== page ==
How source credibility and message claims interact in determining advertising effectiveness
Credible endorsers are often used in advertisements. However, there is conflicting evidence on the role source credibility plays in persuasion. Early research found that source credibility affects persuasion when subjects pay attention to the communication. Other research indicates that a credible source enhances persuasion when people do not scrutinize the message claims carefully and thoroughly. This effect is opposite to what was indicated by early research. More recent research indicates that source credibility may affect persuasion when people scrutinize the message claims, but limits this effect to advertisements with certain type of claims (i.e., ambiguous or extreme claims). This dissertation proposes that source credibility might play a broader role during persuasion than suggested by the empirical literature. Source credibility may affect persuasion, at low levels of involvement, by serving as a peripheral cue. It may also affect persuasion, at high involvement, by serving as an argument or biasing elaboration. Each of these possibilities was explored in an experiment using a 3 (source credibility) x 2 (type of claim) x 2 (levels of involvement) full factorial design. The sample consisted of 180 undergraduate students from a major southeastern University. Results indicated that, at high levels of involvement, the credibility of the source affected persuasion. This effect was due to source credibility acting as an argument within the advertisement. This study did not find that source credibility affected persuasion by biasing elaboration, at high involvement, or by serving as a peripheral cue, at low involvement.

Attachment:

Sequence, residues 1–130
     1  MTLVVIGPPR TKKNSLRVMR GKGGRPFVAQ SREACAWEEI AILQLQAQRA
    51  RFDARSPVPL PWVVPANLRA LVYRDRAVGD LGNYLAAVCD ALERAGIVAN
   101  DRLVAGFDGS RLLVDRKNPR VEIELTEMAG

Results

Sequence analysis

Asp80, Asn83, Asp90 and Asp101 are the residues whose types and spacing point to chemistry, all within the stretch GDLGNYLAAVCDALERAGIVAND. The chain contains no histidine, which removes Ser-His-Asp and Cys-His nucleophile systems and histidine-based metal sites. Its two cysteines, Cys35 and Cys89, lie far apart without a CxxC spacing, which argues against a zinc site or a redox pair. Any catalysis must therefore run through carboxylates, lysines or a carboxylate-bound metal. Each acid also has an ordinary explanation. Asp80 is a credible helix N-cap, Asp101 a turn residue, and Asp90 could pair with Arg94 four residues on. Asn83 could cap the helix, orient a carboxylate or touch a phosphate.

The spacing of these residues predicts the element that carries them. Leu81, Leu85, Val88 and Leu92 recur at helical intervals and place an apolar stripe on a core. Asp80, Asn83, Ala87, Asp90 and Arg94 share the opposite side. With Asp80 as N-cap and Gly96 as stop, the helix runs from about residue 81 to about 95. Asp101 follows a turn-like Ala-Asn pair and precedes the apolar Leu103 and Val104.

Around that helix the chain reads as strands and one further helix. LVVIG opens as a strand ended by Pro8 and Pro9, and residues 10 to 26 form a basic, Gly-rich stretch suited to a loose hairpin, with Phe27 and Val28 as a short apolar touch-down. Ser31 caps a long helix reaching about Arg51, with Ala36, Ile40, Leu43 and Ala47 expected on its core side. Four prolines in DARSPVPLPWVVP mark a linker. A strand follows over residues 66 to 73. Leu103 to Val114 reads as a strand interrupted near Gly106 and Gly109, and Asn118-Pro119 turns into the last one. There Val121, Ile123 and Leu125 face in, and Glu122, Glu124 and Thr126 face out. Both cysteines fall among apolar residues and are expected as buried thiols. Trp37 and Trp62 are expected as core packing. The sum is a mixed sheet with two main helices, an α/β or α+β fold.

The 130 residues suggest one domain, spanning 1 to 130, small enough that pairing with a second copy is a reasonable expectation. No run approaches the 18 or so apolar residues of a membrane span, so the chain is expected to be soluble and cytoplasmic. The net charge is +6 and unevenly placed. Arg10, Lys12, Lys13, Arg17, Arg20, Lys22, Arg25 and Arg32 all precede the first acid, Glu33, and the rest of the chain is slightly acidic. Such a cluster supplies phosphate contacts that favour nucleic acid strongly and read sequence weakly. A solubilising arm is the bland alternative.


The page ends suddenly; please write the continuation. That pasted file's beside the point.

Guillama, Marisa, "How source credibility and message claims interact in determining advertising effectiveness" (2000). ProQuest ETD Collection for FIU. AAI9991048.